About 4 people have asked me off-line "what about the focusing?". I don't have enough real world experience to say one way or another if it is going to work for me. I can say that it's not horrible. You can put it in a mode where the camera decides and that's not bad or you can put it in a mode where you decide the focus point. Both seem useful. Both seem pretty quick in situations that I am likely to actually want to make images. It focuses fine in situations where I need image stabilization at 1600 ISO at f 3.5 so that is probably fine.
I can tell you that the way continuous auto focus works is annoying. I won't describe it and I have no idea if it works in reality but I probably won't really use it. It's noisy, disconcerting, and you have to trust that it's going to work. Not really what this camera is for in my mind. I'll test it soon just to see. I am probably not going to use continuous shooting either. Just like I have no desire to put a motor on my Leica M cameras.
The manual+single AF is actually very useful on the E-P1 once you get used to it. when you turn the focus ring on the lens the camera automatically zooms in on the focus area that was used for the AF in the first place. In situations where you are likely to need that kind of precision verification (not happening real fast) It's not a whole lot different than using my D3 with AF+Manual. Just remember you have to keep the shutter pressed in half way while doing the manual adjustment or it will refocus when you take the shot. You can decouple the focus from the shutter and use the AE/AF lock button to focus instead of the shutter release but in practicality that has not proven very effective for me on this camera (it is on my Nikons but for some reason - maybe the buttons are too small, it's no on this one).
If you are "testing" this camera you may find it annoying that the auto focus areas are so large. The reality is that inside that large focus area the camera chooses a really really small focus area - about as small as the 53 area mode on a Nikon. You just can't pick them yourself. I say you might find it annoying in that you are surprised by what tiny point was actually used vs what you wanted if you use the AF on really close up stuff where you wanted the tiny area to be different than what the camera chose. That is what the manual+AF mode is really for. If you are at more normal subject distances it probably doesn't matter a whole lot.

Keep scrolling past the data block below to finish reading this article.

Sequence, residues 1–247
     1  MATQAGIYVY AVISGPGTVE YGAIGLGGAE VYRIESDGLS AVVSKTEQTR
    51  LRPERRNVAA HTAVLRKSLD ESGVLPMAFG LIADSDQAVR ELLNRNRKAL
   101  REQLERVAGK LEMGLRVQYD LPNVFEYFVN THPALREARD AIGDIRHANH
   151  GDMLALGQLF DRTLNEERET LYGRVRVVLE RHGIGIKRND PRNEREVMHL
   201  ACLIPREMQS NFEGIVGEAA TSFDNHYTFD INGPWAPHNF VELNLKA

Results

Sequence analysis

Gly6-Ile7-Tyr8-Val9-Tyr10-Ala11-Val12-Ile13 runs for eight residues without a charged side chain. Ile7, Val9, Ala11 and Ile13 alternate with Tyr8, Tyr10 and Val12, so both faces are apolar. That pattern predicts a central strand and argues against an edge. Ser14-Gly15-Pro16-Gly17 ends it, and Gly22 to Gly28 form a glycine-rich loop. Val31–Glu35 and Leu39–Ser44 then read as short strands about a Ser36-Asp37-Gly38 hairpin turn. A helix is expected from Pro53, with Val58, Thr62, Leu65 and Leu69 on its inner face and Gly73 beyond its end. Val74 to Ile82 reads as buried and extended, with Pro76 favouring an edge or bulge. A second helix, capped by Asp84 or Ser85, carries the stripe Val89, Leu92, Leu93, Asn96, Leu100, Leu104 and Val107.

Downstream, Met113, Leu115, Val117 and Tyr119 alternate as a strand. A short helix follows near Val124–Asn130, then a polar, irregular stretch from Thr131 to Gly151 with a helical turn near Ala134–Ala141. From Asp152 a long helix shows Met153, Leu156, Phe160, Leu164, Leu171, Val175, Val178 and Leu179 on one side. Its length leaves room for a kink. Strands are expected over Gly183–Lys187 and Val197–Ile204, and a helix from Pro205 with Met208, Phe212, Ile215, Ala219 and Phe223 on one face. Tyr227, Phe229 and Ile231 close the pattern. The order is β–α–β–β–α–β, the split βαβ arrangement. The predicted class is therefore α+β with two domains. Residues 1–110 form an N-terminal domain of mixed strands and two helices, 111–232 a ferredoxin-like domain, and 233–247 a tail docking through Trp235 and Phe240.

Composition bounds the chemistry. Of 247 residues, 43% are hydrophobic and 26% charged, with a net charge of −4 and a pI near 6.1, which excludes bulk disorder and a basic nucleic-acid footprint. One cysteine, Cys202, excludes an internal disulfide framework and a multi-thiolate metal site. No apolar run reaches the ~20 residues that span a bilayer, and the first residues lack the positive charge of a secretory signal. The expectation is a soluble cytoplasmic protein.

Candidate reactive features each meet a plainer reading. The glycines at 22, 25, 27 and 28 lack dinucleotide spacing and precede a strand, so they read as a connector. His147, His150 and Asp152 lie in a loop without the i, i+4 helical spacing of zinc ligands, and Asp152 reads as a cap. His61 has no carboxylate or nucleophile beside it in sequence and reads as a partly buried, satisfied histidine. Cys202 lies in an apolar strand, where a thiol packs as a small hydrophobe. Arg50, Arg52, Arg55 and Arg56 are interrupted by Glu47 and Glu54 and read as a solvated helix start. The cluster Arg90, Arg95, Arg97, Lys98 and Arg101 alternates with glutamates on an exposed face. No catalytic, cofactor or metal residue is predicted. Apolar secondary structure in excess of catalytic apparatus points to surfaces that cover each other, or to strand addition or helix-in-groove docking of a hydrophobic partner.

Olympus says that it focuses on the closest thing within the AF area box. In reality it seems to be random if there are multiple things all at similar focus distances with in the displayed focus area. Like I said - you can play "gotta" and be annoyed with testing or you can take pictures and see how they turn out. If you are really close up use the manual override to see or use that zoom view mode. The image at the top was real close to minimum focus at the longest zoom setting at the widest Aperture. This is a 100% crop. I just selected the focus area and let the camera do it's thing. The sharpening was set to "normal" for this out of camera JPEG.